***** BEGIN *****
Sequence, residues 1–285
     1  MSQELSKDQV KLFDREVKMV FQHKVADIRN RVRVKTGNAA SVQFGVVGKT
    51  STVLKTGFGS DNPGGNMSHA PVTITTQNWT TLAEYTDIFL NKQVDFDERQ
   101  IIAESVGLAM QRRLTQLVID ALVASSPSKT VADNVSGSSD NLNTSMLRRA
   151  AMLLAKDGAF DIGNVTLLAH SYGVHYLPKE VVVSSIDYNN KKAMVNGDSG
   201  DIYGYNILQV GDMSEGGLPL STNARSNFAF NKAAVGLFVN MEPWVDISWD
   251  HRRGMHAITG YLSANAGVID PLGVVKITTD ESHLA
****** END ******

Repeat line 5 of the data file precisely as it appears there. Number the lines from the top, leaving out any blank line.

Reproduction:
   151  AMLLAKDGAF DIGNVTLLAH SYGVHYLPKE VVVSSIDYNN KKAMVNGDSG